News for August 2, 1998

Marco Pantani to Mapei and the Vuelta

It has just been announced on Belgium TV that Marco Pantani will sign with Mapei next year. He has also said that he will now try to win the Vuelta this year. He told an Italian newspaper that if he wins the Tour de France (which he now seems likely to achieve) he will then aim to win the Tour of Spain.

The drugs scandal update

- It is now alleged that Gilles Bouvard (Casino) obtained drugs prior to Luik-Bastenaken-Luik from somebody on his own team. No names will be mentioned. Vice-attorney of the Court in Lille, Vinsonneau, announced this late on Friday. Vinsonneau said: "Massi is charged now, and the Casino team doctor is being investigated. Further, the interrogation of Alex Zulle gave us the possibility to investigate ONCE, and this in turn led us to the ex-Festina riders, Gilles Bouvard and Magnien." So the birds have been singing.

-Rodolfo Massi, now the first to be formally charged has been released under harsh conditions. He is not allowed to have any contact with the cycling community which means he is denied his profession. He cannot ride. He has to stay at an address in France and within a month be accessible for the judiciary.

- Jeroen Blijlevens didn't quite make it to free soil unscathed. When he landed in Brussels he was detained because he did not have his passport. He had to stay at Zaventem until his girlfriend returned with his passport. The riders flew from Zurich but their luggage went by car. The passport was with his clothes in the car.

Le Monde - The Broken Legend

The leading French daily, published a lead-in to an 8-page special on the Tour in the wake of the drugs scandal.

The said: After three weeks of road, more marked drugs business and the legal consequences than by the exploits of the rider, the Tour de France now comes into the capital to the Champs-Elysées. On Friday, the former holder of the KOM jersey, Italian Rodolfo Massi (Casino), was charged with "inciting and facilitating the use of doping substances " and "importing, selling and transferring poisonous substances". It is a first in the history of the Tour de France, soon to be in its 100th year. The rider was freed under bail by the court in Lille.

... Cycling is not the only sport troubled by drugs, but given the last 3 weeks, it will be hard to repair its image. It is now clear that there is organised and systematic doping of riders by teams. Le Monde asks: "How can we believe (the Tour) can start up again in 1999 as if nothing had happened?

Le Monde is highly critical of the riders, reflecting its right-wing ideology. It doesn't for one minute think about the pressures that the capitalist sponsors put on riders who are still largely from working class backgrounds. It doesn't see that this is a worker-capital issue. Instead it blames the riders who are seen as breaking the rules of the sport, and the laws of the land. Who appear to be resentful of legal intervention by police into their criminal activities and their contempt for the traditions of the sport (viz.. the strike on Wednesday).

The Society of the Tour de France now has an image problem to address in addition to the normal organisation for next year. The Tour director Jean-Marie Leblanc told the press today that there will be major changes. They will complement the decision by the UCI to introduce compulsory medical check from January 1.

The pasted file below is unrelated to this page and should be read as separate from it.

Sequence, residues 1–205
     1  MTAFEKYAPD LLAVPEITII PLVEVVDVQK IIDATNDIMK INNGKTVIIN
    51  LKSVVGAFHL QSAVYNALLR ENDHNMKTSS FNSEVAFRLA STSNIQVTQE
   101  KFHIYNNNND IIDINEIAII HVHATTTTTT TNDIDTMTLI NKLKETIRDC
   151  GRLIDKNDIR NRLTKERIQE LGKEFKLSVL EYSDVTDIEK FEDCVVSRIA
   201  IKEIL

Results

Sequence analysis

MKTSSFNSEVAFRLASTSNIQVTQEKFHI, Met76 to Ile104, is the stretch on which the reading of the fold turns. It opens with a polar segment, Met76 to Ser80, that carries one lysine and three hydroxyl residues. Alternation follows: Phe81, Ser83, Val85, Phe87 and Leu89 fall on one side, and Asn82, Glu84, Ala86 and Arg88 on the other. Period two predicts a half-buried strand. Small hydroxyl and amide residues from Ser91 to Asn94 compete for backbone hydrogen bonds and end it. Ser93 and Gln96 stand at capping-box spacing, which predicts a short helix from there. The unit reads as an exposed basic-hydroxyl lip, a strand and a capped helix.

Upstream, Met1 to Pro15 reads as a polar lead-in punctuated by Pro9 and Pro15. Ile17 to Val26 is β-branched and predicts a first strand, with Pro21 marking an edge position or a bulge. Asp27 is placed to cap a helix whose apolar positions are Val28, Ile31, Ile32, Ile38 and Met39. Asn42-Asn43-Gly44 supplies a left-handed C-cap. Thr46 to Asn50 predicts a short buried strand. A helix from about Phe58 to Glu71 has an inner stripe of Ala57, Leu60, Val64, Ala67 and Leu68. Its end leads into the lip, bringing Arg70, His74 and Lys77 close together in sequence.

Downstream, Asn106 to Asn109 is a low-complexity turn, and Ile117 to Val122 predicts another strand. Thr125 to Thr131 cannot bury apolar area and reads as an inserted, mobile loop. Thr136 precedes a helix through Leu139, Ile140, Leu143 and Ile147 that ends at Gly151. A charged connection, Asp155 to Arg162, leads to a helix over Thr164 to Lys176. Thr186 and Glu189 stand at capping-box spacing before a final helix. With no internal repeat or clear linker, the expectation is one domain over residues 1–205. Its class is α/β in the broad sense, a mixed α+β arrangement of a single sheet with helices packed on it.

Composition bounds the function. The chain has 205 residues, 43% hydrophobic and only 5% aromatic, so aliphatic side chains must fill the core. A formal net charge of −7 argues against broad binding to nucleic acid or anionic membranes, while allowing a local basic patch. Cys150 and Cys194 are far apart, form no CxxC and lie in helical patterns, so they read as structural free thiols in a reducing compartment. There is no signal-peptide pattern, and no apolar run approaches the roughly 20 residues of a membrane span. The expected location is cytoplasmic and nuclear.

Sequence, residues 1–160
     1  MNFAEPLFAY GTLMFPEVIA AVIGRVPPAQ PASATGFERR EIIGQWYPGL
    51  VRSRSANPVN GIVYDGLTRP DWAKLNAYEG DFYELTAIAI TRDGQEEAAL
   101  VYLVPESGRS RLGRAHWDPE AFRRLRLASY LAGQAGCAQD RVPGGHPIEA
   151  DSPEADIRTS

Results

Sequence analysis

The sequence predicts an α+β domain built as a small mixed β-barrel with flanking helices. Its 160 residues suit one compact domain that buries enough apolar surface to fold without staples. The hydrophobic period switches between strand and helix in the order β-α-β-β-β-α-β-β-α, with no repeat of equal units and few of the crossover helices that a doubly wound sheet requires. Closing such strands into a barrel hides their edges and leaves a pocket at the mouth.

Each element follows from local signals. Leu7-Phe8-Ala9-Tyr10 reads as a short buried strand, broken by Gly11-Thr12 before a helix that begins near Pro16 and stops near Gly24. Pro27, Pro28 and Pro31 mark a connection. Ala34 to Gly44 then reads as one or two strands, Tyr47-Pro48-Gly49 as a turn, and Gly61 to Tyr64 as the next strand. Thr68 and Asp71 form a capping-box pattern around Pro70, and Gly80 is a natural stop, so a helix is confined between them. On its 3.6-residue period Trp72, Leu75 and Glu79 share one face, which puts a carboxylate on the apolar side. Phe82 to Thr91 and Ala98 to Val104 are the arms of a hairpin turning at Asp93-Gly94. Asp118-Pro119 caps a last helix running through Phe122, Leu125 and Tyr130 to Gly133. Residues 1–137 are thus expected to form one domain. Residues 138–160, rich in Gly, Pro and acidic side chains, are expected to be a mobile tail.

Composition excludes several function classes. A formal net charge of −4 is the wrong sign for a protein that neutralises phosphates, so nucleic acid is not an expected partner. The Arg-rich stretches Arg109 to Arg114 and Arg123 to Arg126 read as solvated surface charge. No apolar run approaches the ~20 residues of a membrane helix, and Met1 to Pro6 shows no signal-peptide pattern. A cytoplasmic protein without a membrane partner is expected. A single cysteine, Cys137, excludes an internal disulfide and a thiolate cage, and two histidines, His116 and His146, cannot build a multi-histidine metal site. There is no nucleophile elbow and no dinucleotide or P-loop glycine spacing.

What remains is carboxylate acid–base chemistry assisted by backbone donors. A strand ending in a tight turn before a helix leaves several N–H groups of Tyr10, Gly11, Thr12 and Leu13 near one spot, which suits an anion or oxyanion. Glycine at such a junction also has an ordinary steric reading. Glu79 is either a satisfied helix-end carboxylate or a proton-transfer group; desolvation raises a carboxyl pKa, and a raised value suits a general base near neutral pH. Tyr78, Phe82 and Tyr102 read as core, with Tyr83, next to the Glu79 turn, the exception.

French National Track Championships

While the Tour de France has been in crisis, the French National Championships have been quietly going about their business in anonymity. The track riders did not however miss out on being questioned by the press about whether they were also using drugs to improve their sporting performance. But, they do not seem to be overly concerned by any sudden police attention.

Yves Perpignan, who has spent more than half of his 62-years in the world of track racing said to the press: "We test the first three in each event, which adds up to 78 tests in 6 days. The controls are extremely rigorous and have always been so."

An international police chief is hired to supervise the testing at Hyères.

1996 Olympic champion, Florian Rousseau, has had repeated phone calls from the press to his home during the last week. He said the press has followed him to Hyères and that he had had enough and would not comment any further.

But 1996 Olympic champion, Felicia Ballanger and 1997 World Pursuit Champion Philippe Ermenault were more forthcoming. Ballanger told the press: "When I saw what occurred on the beginning of the Tour de France, I said myself that it was about time it came out into the open. Not being there makes it difficult to comment specifically. But it is time that something is done about it. I was also worried by the attitude of the public who seemed to turn a blind eye to the fact that the riders they applaud are cheats. In track cycling, I cannot measure the extent that drugs are being used. although I know that there is doping going on. I might be naive. Once, I was asked by a team manager to see a guy who he said would help me. He was a dealer in a gymnasium and he offered banned drugs to me. I refused. It was, however, the only time drugs have ever been offered to me."

Magali Humbert-Faure, 4th in the World sprint Championships in 1997, thinks there is a difference between road cycling and track cycling.

This is a point that Philippe Ermenault agrees with. He told the press that: "Everyone knows that high performance are not made with water.... But, from there to take prohibited products, there is a margin.

National French coach Gerard Quintyn stated that the margin is wide because there is very little gain for a track rider in taking EPO. He told the press: "Only steroids could be useful... But they are detectable by the controls in force. I stand as guarantor that all my riders are clean."